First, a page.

BISHKEK (TCA) — As a new ruling coalition has been formed in Kyrgyzstan’s parliament and a new Cabinet has been approved by parliament, we are republishing this article originally published by EurasiaNet.org:
Kyrgyzstan’s parliament endorsed the composition of a tweaked cabinet on November 9 that will be backed by a new, slimmed-down coalition and led by an unchanged prime minister firmly allied to single-term President Almazbek Atambayev.
MPs voted 114 to 4 to endorse Jeenbekov’s reshaped cabinet wherein the most eyebrow-raising appointment was that of Ulan Israilov, Atambayev’s former bodyguard and the ex-head of the government’s main anti-corruption inspectorate, as Interior Minister.
Among other additions, Cholpon Sultanbekova, a member of the pro-Atambayev Kyrgyzstan party and most famous as the widow of a former mob boss from the south of the country, took up the position of deputy prime minister for social affairs.
Jamshitbek Kalilov became the new transport minister with predecessor Zamirbek Aidarov presently under investigation by Israilov’s former unit for corruption in a road tender won by a Chinese company.
The overwhelming parliamentary backing for the new government has become a tradition in Kyrgyzstan’s mixed political system and does not mean that all is well in the legislature.
Two parties previously in the ruling coalition, Onuguu Progress and Ata-Meken are no longer part of the alliance that collapsed last month following their opposition to a controversial, Atambayev-driven referendum set to take place on December 11.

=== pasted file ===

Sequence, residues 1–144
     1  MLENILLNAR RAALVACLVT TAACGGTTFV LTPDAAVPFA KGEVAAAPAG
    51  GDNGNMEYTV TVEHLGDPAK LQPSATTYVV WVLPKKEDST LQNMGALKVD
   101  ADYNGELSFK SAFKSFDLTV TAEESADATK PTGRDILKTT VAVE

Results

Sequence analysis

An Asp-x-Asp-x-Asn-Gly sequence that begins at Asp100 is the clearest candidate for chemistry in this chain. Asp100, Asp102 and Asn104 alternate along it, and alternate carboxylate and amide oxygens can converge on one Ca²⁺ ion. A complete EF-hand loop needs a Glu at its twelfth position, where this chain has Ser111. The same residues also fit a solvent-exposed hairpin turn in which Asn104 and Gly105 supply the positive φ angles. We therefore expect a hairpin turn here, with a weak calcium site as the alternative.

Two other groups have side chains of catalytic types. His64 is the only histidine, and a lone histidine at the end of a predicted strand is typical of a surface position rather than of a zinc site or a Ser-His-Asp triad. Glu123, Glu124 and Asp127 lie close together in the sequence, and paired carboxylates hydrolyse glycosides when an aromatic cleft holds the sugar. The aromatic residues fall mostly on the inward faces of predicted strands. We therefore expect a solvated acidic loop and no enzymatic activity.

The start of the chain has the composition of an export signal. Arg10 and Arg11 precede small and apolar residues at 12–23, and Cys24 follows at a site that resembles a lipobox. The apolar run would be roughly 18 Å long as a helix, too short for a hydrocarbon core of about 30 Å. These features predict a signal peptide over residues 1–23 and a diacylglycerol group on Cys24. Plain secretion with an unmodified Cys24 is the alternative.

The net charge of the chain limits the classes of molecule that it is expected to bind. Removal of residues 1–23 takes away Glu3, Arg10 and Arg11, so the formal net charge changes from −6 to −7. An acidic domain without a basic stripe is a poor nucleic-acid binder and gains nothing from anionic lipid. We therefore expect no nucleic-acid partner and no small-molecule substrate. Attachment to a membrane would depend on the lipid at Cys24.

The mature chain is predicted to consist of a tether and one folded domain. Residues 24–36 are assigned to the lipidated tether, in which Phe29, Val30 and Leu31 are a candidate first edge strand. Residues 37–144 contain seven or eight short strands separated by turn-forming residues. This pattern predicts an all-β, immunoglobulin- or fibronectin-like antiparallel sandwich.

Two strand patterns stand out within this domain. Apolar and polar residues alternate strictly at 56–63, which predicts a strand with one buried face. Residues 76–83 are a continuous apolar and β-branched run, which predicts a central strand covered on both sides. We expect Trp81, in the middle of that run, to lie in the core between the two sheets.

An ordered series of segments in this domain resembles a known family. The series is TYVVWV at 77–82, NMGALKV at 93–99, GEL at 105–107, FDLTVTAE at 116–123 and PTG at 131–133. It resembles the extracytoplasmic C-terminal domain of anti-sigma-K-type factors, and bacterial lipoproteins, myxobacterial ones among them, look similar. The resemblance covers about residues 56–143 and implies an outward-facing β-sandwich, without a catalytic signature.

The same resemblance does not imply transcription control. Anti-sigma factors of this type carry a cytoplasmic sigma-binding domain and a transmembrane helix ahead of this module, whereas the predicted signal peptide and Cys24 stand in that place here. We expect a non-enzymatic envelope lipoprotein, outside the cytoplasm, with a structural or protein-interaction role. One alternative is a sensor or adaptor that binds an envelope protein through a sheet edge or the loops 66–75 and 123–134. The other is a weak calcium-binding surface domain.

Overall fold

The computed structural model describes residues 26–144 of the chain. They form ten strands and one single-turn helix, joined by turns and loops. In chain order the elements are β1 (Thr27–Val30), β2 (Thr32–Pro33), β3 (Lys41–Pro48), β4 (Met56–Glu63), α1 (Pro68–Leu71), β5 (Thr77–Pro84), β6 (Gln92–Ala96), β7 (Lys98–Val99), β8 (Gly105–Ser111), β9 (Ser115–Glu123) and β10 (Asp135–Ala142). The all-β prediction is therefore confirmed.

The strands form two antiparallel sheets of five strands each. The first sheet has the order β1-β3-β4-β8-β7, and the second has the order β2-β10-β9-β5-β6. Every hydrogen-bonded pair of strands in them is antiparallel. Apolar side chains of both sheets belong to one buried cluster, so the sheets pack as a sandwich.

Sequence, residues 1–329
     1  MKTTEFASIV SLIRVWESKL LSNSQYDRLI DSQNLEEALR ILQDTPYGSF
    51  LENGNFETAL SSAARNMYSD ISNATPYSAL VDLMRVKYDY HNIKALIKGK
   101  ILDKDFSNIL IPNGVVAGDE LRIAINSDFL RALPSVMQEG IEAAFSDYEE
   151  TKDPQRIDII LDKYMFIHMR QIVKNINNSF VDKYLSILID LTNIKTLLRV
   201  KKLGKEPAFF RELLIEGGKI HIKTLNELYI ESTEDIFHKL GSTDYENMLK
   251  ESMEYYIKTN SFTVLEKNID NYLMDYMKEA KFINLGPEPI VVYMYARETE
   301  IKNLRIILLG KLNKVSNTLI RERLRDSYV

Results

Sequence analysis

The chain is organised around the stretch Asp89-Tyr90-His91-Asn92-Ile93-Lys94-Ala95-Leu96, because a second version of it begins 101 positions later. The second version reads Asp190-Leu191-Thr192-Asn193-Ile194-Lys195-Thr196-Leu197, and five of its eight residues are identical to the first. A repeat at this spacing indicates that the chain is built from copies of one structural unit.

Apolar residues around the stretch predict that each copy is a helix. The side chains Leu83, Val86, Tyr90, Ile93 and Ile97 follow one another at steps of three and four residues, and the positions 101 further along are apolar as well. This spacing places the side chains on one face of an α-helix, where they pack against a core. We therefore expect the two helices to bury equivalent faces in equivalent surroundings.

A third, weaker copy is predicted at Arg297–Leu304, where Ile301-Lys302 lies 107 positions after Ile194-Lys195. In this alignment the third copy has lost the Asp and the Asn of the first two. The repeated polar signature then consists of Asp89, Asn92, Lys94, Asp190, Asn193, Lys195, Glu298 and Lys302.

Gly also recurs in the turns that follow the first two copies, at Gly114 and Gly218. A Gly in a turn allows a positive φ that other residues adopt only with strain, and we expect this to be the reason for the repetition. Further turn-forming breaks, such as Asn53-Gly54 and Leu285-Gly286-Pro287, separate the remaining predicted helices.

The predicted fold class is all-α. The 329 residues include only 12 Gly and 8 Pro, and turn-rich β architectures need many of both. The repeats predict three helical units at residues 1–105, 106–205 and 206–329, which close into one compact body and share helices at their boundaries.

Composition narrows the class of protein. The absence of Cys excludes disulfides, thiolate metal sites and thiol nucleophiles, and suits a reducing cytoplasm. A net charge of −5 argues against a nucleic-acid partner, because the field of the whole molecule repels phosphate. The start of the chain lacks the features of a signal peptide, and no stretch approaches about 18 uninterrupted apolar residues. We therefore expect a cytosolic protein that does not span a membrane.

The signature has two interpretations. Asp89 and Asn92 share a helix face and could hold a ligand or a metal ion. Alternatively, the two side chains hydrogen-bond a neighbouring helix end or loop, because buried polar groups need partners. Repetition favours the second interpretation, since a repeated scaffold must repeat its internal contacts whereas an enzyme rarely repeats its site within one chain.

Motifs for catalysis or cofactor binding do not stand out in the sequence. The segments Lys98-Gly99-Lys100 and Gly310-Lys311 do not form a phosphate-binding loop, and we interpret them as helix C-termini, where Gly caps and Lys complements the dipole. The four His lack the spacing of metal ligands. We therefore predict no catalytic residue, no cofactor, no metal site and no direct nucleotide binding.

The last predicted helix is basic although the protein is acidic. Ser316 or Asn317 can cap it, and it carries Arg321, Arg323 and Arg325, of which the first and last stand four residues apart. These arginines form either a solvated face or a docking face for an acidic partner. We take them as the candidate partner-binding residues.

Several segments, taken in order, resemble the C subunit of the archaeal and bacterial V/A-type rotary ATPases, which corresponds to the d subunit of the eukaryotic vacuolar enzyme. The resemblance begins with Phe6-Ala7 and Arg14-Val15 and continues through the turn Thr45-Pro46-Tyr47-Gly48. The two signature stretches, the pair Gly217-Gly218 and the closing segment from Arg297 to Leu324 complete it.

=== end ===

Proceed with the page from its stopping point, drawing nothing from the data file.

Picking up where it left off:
That leaves Atambayev’s Social Democratic Party of Kyrgyzstan (SDPK) governing along with the Kyrgyzstan party that survived the collapse and new entrants Bir Bol.
All three of those parties support Atambayev’s constitutional fix, while Respublika – Ata-Jurt, the second largest party in the legislature is in the unusual position of being in opposition despite being in agreement with the changes.
Although Jeenbekov has given lip service to a number of government priorities, including fighting corruption, it is unlikely his cabinet will undertake serious reforms.
Instead its most pressing task will be to keep the fairly slim coalition majority of 68 MPs intact as the country prepares for a referendum on changes that would significantly strengthen the powers of Jeenbekov and future prime ministers vis-a-vis the parliament.
Among these are amendments prohibiting factions from leaving a coalition unless two-thirds of that faction’s members support an exit, and another requiring a two-thirds majority of all MPs for a motion of no-confidence in the government.
As the party with almost one-third of the seats in parliament, SDPK will by virtue of the amendments doubtless become the arbiter of parliamentary politics for the near future at least and leave the party’s most strident opponents, Onuguu and Ata-Meken, marginalized and frustrated. Whether that will spill over into more serious unrest as the vote approaches remains to be seen.
At a session of parliament on November 9, MPs from these parties did, however, have some fun grilling Israilov, whose scanty qualifications have sparked some skepticism. There is also concern that Israilov’s ministry could eventually be used to target presidential opponents.
After Israilov was unable to name the number of ministers in the government, when asked by Ata-Meken leader Omurbek Tekebayev, Jeenbekov sprang to his defence.
“Israilov is someone I have known for a long time. We have worked together for many years. He cannot speak nicely or issue boasts in front of the people, but he will execute his tasks,” Jeenbekov assured.
“The main problem with law enforcement is finding staff that will work cleanly and openly … In time he will get used to being in the [parliament] and answering questions.”